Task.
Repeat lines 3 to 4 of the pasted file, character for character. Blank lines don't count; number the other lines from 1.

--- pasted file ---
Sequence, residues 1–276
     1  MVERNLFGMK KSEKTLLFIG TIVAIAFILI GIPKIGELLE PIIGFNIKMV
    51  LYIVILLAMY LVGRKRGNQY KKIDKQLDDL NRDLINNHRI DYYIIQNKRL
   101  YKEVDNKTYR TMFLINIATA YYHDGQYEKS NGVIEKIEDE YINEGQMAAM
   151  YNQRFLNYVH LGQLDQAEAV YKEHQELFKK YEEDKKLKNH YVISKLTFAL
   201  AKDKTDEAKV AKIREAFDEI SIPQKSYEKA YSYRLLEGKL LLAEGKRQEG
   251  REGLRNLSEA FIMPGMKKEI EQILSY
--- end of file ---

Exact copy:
    51  LYIVILLAMY LVGRKRGNQY KKIDKQLDDL NRDLINNHRI DYYIIQNKRL
   101  YKEVDNKTYR TMFLINIATA YYHDGQYEKS NGVIEKIEDE YINEGQMAAM